A review of the last draft of the SAFE Act showed that shipments of American horses for ‘human consumption’ outside the U.S. would be prohibited if the act passed. However, there is an arguable loophole: shipments of American horses for ‘animal products’ is not cited as being prohibited in the draft bill.

Since the installment of Deb Haaland as the head of the Department of Interior (‘DOI’), which oversees the BLM, the brutal process of rounding up wild horse families in holocaust fashion have increased.

Wild Horses captured by the BLM and the United States Forest Service (‘USFS’) are then genetically molested where stallions are castrated and mares are sterilized using chemicals commonly known as ‘PZP’ and ‘Gonacon’. These chemicals are known ‘genetic poisons’ and end the natural life cycles and genetic lines of wild horses.

No DNA (genetic) testing is performed by the BLM or USFS prior to ending gene lines of processed wild horses using castration or chemical sterilization.

This practice is a form of ‘selective breeding’, and as science proves, ensures a loss of genetic diversity, resulting in genetic decline in wild horse herds, and ultimately leads to ‘bottle necking’ and possible extinction of wild horse gene lines, which contain the most robust equine genetics.

At some point soon, domestic horse breeders will need to breed back to these robust genetic lines to reinvigorate domestic horse breeds, many of which are suffering from congenital defects and genetic diseases related to inbreeding over centuries.

Following this initial horror show, wild horses are then processed for allocation into so called programs that are extremely costly to American taxpayers, and further punish wild horses emotionally.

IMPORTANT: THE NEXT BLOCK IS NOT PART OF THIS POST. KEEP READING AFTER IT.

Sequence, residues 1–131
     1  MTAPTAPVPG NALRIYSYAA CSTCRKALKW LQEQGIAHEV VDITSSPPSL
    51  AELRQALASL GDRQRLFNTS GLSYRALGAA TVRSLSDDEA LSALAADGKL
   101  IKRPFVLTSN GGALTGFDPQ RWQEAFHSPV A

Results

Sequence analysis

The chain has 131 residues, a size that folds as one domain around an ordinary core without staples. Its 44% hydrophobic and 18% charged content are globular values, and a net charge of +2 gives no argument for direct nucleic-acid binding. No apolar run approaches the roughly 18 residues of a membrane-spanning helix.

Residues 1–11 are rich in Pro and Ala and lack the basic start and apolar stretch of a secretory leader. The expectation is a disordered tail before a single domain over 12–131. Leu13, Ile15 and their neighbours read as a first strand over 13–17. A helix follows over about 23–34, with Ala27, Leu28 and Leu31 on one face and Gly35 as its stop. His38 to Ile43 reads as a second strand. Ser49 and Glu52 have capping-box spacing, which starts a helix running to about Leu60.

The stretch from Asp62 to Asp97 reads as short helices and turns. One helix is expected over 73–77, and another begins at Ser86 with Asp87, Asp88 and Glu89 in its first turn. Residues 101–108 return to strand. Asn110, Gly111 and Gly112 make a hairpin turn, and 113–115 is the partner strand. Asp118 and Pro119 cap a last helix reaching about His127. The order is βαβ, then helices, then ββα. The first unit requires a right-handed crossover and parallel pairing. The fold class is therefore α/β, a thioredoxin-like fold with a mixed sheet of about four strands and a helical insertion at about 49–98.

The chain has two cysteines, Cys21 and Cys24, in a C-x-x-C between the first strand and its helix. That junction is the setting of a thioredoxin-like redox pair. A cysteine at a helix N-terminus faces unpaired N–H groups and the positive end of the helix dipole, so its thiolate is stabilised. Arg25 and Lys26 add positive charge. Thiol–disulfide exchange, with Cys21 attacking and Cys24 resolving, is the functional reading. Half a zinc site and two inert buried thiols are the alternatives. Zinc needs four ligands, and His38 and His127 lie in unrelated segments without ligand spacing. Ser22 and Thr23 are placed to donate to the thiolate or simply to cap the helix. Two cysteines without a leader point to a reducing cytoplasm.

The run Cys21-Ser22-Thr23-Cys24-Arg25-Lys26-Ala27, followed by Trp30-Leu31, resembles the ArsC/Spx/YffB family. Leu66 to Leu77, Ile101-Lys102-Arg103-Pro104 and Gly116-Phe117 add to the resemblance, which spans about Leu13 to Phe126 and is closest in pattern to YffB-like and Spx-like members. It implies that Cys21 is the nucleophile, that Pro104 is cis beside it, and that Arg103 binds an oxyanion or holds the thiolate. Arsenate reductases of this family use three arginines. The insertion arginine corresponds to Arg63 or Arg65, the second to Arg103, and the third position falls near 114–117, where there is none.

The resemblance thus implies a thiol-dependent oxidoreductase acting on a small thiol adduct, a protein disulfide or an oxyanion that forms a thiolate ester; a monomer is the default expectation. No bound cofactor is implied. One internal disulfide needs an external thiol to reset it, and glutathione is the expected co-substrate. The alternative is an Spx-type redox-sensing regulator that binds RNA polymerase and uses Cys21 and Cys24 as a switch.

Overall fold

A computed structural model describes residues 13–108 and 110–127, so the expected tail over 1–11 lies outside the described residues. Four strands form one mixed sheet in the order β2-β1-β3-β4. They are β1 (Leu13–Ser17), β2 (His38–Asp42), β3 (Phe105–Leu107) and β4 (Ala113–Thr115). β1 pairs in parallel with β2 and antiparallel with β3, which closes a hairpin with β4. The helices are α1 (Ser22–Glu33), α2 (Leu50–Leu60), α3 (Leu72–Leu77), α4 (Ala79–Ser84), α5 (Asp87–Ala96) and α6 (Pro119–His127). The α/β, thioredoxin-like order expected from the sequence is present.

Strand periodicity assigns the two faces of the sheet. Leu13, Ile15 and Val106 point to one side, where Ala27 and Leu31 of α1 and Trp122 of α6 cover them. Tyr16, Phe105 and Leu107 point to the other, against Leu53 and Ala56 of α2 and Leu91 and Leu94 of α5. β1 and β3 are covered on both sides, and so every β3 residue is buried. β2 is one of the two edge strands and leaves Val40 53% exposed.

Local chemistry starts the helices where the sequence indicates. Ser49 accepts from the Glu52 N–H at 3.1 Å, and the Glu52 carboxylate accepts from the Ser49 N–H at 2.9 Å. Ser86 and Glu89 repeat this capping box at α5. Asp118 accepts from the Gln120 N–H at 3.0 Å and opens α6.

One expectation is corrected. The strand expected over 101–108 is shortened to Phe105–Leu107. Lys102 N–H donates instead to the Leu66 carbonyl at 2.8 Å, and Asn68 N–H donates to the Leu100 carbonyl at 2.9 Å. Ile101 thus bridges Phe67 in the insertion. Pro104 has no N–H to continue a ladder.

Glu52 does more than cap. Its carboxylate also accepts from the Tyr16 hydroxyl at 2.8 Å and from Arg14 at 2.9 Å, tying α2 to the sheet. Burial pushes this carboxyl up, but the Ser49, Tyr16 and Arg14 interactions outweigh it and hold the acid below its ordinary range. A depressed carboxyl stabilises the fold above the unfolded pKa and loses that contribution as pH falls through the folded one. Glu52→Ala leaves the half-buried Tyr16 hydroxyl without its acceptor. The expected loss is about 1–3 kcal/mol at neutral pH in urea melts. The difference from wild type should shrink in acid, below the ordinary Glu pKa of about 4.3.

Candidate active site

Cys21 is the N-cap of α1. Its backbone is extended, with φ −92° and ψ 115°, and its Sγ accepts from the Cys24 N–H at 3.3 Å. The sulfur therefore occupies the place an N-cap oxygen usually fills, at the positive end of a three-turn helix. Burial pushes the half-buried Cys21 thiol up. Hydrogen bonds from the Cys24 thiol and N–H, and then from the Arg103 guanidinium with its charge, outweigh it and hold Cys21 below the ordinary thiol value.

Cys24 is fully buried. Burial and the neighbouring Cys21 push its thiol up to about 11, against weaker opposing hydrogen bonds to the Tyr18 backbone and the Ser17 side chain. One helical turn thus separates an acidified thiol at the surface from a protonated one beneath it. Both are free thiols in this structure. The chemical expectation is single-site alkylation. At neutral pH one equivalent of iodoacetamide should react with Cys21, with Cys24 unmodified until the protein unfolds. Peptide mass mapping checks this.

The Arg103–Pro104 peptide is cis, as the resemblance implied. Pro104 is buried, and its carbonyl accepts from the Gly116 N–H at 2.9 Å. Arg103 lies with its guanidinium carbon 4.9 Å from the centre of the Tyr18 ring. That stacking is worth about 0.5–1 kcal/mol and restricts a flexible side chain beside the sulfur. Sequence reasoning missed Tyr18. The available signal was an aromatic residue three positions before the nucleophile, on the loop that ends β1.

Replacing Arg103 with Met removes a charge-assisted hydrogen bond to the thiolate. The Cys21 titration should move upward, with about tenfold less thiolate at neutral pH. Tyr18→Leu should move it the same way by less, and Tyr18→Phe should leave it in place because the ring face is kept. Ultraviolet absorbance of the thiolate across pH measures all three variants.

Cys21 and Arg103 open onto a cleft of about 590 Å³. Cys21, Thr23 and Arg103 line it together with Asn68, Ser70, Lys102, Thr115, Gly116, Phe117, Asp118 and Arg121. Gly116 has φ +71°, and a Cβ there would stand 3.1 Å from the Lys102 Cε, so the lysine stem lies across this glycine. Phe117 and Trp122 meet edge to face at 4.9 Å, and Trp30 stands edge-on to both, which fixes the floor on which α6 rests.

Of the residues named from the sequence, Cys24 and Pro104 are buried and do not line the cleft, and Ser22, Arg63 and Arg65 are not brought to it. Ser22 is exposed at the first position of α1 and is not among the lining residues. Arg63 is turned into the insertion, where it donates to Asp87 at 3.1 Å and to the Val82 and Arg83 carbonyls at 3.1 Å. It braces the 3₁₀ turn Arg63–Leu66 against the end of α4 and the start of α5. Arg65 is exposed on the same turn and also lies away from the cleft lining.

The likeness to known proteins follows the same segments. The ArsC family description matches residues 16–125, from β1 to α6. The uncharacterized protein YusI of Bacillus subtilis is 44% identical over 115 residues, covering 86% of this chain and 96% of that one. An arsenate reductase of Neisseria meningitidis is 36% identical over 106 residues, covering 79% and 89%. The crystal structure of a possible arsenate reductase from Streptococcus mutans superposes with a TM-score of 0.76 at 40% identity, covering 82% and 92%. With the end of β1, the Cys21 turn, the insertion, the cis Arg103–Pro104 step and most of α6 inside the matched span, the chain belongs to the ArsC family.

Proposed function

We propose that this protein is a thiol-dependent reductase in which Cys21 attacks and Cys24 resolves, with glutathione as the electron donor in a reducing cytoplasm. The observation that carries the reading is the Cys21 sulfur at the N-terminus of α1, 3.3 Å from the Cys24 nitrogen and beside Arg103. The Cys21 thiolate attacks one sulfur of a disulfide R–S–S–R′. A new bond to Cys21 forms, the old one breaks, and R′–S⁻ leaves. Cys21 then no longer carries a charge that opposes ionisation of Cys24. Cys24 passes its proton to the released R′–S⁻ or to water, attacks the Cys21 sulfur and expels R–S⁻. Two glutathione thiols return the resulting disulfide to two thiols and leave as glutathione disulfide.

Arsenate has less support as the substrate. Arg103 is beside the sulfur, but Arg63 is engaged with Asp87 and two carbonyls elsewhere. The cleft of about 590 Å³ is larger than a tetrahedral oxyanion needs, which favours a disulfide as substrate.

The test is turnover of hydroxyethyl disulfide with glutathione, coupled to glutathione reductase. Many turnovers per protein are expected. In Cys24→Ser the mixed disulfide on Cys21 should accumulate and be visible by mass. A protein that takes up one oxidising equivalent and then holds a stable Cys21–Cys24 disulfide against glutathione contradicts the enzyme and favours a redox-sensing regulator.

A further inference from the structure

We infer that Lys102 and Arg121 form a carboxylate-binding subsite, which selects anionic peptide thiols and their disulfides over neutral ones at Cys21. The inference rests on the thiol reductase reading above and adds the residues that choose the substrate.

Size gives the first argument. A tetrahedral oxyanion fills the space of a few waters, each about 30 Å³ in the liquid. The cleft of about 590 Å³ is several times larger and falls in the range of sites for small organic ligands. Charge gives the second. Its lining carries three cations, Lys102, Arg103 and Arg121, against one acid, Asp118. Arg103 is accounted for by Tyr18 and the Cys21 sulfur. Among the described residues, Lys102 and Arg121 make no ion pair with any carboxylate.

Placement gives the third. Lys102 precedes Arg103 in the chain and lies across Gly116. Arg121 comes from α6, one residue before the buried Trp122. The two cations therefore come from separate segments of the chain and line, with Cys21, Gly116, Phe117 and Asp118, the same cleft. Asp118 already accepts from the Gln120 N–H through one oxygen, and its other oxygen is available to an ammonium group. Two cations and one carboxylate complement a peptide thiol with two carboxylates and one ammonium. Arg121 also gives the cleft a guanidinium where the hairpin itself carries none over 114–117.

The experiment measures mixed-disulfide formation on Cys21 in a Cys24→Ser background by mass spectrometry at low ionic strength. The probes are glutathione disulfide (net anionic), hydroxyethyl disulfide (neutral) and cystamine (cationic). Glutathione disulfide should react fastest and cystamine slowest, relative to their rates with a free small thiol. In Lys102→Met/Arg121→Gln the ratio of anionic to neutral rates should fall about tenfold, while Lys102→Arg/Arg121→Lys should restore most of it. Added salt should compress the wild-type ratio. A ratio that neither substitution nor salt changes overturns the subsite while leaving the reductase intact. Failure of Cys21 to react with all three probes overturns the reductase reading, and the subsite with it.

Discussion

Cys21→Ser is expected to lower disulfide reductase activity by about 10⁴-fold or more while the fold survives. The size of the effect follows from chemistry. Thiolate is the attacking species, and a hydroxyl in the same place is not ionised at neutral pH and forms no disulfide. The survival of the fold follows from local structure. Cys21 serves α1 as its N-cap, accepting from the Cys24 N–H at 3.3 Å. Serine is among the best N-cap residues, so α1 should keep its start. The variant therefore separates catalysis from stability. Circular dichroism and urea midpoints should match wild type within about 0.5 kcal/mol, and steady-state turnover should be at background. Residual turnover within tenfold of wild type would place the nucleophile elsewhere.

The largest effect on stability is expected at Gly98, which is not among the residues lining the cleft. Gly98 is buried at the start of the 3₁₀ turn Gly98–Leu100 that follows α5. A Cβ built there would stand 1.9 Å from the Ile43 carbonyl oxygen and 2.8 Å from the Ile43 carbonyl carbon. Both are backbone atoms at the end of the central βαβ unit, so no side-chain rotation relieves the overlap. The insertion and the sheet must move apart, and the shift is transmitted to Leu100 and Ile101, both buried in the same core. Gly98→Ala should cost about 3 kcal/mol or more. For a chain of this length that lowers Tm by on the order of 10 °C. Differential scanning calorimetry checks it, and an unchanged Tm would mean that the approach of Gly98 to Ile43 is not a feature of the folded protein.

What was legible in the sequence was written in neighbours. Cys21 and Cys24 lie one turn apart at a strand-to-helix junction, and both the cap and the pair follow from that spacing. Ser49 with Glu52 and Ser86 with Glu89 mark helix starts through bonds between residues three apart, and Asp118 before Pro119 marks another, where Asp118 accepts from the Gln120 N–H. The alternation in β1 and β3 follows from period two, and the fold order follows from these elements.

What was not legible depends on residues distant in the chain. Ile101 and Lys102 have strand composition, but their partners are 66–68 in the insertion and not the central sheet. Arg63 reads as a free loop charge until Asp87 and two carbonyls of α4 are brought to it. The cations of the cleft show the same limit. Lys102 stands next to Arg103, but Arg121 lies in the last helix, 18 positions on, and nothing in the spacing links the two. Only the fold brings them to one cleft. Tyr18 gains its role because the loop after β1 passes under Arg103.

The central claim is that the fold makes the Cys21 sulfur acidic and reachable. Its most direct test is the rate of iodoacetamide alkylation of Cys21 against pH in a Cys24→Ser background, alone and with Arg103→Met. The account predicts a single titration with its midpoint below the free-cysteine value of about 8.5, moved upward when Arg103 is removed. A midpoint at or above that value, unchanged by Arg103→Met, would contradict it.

The BLM sells it Adoption Incentive Program (‘AIP’) as a success and solution for getting rid of wild horses they have rounded up. However, combination of the AIP and other wild horse processing programs (prisoner programs, etc.) only places a small percentage of all the wild horses (about 5-7%) rounded up into the hands of adopters or trainers who are paid $1,000 (tax dollars) by the BLM for each horse adopted.

Wild horses that are funneled into adoption and training programs are wild sentient beings, few or which will submit to any training program.

Wild horses adopted are made to submit to the demands of human trainers. Surprisingly, so-called horse ‘trainers’ fail to understand the wild nature and spirit of wild horses, as opposed to domestic horse breeds, which have been bred for the past 6,000 years to serve the utility of humankind and are well suited to training. This failure by people and trainers to understand wild horses and their behavioral ecology leads to a majority of wild horses placed in programs resisting training and ending up at slaughter auctions for meat in the pet food industry, a horrific ending for innocent wild horses.

The Big Question: Is there a better solution to the current wild horse management debacle?

Answer: Absolutely!

There is a plan that provides a more humane, natural, and cost-effective management paradigm for wild horses.

That plan is called the ‘Natural Wildfire Abatement and Forest Protection Plan’, also known as the ‘Wild Horse Fire Brigade’.

Wild Horse Fire Brigade is a cost-effective solution for humanely managing wild horses naturally without keeping them on degraded ecologically collapsed landscapes that are being intensively used for commercial enterprises, including oil, gas, mineral, and livestock production.